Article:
Every plant in the landscape will better realize its potential if it is kept properly pruned. A shrub that is kept pruned will respond by being densely twiggy-a strong branch structure is essential to good health. Plants that are pruned in such a way that every branch gets its fair share of light and air is a healthy plant. Every tree, shrub and perennial has its individual requirements. I prune the hydrangeas after the buds swell in late March or April. I prune out the dead wood, and branches that cross over each other. Branches that rub against each other may damage the bark – damaged bark is an invitation to insects and disease. I prune each branch individually, so every shoot has its own light and air space. The forsythias and lilacs need to be pruned right after they flower, in a very natural and loose way that mimics their natural shape.
Very few plants tolerate close formal or shaped clipping. Boxwood and yews tolerate this better than other species. This results in a proliferation of growth at the ends of the branches. Eventually the light and air is excluded from the interior of the shrub. I see lots of deciduous shrubs that have been sheared, resulting in a thin layer of green at the top, and bare branches below. Those shrubs will eventually have to be hard pruned in order to renovate them, or removed altogether. It is important to keep in mind that a pruning cut is a call to grow, and will produce a reaction. The breaking of multiple new shoots is not uncommon from a single pruning cut.
Pruning to keep a shrub within the bounds of a confined space will fail sooner or later. Planting shrubs or trees that will gracefully fit a space when mature is good planning. A tree planted within 3 feet of a sidewalk is a bad idea, unless that tree is a very dwarf or grafted form. I prune most plants in the spring, although there are exceptions. I prune maples late in the summer, and grapes in the winter. The roses and clematis have their own special routine. I prune boxwood after the first flush, so I don’t have to prune again later. Pruning too late in the season is risky, and may expose a treasured plant to winter injury.
For those people who just love to prune, an espaliered tree is a perfect plant. Espaliers are any tree pruned to lay flat, in two dimensions, against a wall. Trees pruned in this fashion, with proper support early on, make beautiful living free standing fences. Some espaliers are pruned to assume a particular shape. They need a a sure and regular hand willing to prune. Some gardeners prune them to follow the shape of the arms, as trained. Others prune them so all of the spaces between the arms fill in with a solid structure of branches. These pairs of keiffer pear espaliers have been grown, and pruned to assume an arch shape. Once a pear arbor is purchased, we fabricate a steel arbor matching the shape of the espalier which bolts together at the top. The arms of the pear trees and tied to the steel arbor, which is installed on the underside of the trees, to maintain the shape. We were fortunate enough to obtain 8 pear arbors. All of them are gone now, and each required a little something different in terms of the steel support. An espalier pear arbor in full bloom is astonishing. It is a treasure, loaded with fruit, later in the summer.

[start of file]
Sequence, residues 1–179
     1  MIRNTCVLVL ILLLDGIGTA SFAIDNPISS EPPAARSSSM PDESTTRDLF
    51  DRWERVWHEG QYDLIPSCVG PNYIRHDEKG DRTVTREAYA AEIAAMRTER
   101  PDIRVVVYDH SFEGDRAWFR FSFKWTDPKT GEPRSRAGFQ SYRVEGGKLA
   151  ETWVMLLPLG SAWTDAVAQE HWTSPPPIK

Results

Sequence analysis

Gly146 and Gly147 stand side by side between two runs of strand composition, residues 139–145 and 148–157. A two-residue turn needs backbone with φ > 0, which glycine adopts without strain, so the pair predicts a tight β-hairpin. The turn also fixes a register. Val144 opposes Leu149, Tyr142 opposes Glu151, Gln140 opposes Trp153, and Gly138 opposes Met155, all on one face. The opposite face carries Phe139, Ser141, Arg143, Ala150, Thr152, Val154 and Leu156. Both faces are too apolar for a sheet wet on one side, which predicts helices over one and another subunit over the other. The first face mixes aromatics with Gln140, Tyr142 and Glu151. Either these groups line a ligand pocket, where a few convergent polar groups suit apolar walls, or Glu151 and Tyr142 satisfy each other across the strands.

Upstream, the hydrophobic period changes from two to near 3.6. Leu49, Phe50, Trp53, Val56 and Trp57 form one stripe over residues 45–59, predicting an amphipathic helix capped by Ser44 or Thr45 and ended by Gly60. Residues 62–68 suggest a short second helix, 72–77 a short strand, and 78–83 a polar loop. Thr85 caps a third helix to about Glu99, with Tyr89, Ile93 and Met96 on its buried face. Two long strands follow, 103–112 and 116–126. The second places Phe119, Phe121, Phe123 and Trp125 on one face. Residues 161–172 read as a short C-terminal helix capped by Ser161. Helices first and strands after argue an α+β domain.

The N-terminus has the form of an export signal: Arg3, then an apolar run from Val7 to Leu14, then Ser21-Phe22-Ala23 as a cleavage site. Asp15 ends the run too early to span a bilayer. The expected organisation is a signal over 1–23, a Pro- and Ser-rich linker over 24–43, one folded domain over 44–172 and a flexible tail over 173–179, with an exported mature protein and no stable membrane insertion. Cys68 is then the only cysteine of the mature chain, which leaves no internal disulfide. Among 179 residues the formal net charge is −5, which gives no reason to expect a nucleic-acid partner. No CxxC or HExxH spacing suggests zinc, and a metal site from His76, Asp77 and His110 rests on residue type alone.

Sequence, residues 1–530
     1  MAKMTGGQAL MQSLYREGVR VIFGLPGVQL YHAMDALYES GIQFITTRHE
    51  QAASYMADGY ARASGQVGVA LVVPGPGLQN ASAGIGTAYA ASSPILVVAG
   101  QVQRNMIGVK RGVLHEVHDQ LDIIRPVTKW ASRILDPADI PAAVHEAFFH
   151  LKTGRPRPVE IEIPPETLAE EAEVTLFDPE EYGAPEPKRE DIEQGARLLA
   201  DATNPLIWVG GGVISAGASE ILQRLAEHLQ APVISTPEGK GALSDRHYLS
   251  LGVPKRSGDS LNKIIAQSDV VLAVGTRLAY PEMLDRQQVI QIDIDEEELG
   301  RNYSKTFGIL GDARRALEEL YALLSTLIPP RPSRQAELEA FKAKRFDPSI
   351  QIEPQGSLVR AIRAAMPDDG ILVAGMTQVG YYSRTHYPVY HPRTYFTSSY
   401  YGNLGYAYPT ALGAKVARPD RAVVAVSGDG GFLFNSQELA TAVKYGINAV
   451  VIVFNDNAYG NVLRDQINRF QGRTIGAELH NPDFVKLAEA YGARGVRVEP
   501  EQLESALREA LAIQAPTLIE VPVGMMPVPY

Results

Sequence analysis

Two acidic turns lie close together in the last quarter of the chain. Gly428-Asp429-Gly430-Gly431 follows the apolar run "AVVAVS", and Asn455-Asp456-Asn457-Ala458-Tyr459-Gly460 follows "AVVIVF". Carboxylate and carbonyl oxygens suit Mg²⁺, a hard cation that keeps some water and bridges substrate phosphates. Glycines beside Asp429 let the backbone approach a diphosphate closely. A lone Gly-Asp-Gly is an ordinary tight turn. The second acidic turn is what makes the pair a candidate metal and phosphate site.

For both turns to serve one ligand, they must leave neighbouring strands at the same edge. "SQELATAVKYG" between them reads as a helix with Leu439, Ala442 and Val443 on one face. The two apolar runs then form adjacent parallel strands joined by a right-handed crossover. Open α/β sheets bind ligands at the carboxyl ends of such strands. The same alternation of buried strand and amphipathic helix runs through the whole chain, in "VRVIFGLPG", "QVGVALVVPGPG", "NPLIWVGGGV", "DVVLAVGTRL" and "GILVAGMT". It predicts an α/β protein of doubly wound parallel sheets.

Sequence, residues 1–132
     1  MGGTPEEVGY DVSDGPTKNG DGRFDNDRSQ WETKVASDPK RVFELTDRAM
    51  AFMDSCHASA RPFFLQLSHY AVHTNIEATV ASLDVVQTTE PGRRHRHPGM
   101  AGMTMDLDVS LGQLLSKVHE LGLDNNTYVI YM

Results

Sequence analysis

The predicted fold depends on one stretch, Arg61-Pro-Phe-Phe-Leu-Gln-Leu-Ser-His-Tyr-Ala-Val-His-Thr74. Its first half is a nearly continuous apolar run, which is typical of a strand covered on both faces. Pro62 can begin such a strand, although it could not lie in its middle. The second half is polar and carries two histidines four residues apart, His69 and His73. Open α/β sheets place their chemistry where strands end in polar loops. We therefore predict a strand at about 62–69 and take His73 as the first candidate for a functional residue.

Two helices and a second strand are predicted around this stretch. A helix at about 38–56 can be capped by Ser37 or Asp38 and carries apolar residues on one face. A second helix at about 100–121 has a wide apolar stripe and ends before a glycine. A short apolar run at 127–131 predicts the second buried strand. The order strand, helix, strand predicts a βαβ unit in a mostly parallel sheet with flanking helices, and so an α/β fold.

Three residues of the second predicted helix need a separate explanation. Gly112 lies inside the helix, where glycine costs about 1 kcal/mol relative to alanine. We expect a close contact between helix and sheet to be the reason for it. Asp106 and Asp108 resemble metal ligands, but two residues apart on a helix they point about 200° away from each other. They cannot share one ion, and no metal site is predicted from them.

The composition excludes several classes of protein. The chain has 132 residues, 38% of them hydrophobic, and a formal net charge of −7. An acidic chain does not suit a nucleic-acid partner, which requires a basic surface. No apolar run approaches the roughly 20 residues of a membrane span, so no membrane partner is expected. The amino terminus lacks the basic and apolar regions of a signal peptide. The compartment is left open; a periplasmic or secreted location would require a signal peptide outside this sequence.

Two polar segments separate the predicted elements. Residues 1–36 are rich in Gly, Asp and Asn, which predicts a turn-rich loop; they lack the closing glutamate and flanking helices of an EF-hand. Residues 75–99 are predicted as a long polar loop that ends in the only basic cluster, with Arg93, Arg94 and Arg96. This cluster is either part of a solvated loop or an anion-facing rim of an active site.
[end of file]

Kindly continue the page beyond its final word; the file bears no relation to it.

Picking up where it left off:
These espaliers had some pruning over this past winter that made me cringe. The lower arms had the bark chewed off the arms, and shoots were clipped off by a very sharp set of teeth. This malicious destruction of property-rabbits. Cuts to a branch on a tree or shrub at a sharp angle indicates rabbit damage. We have never had this kind of devastating damage to our espaliers over the winter before.
Nature has plenty of pruning agents which may or may not be to your liking. Terrific wind storms, or ice storms can bring down dead or weak branches in trees and shrubs. Fierce weather can be an agent of pruning. Keeping trees and shrubs properly pruned is your best defense against damage from natural causes. The rabbit damage to our espalier collection was considerable. Only 12 of our trees were spared. Next fall, we plan to put up a galvanized metal fence to protect the trees.
In the meantime, the pear trees responded to the rabbit pruning in exactly the same fashion as they have always responded to pruning. They pushed out new growth. I was astonished to see buds emerging from old thick wood-although I should not have been. The will to live is very strong. Lots of life is lurking underneath that bark. The trees responded to this severe pruning by sending forth new shoots. Should you ever fear that your pruning may damage a plant irreparably, take these pictures to heart.
Plants are amazingly tolerant of bad pruning. What they don’t like is no pruning at all. The best way to learn is to read, and then do. The resulting shape and health of your shrubs will tell you if the job you have done is good, or needs a different direction. What a relief to see the new growths on these espaliers.